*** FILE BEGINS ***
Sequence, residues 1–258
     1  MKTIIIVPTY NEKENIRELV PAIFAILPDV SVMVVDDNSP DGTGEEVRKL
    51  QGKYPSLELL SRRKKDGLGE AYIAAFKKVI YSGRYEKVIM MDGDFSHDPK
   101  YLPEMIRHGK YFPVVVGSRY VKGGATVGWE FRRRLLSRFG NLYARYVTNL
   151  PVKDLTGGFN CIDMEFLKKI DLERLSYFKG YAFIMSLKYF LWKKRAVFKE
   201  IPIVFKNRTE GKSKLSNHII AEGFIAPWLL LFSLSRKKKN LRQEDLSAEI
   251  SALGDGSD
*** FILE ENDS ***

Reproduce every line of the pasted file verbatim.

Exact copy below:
Sequence, residues 1–258
     1  MKTIIIVPTY NEKENIRELV PAIFAILPDV SVMVVDDNSP DGTGEEVRKL
    51  QGKYPSLELL SRRKKDGLGE AYIAAFKKVI YSGRYEKVIM MDGDFSHDPK
   101  YLPEMIRHGK YFPVVVGSRY VKGGATVGWE FRRRLLSRFG NLYARYVTNL
   151  PVKDLTGGFN CIDMEFLKKI DLERLSYFKG YAFIMSLKYF LWKKRAVFKE
   201  IPIVFKNRTE GKSKLSNHII AEGFIAPWLL LFSLSRKKKN LRQEDLSAEI
   251  SALGDGSD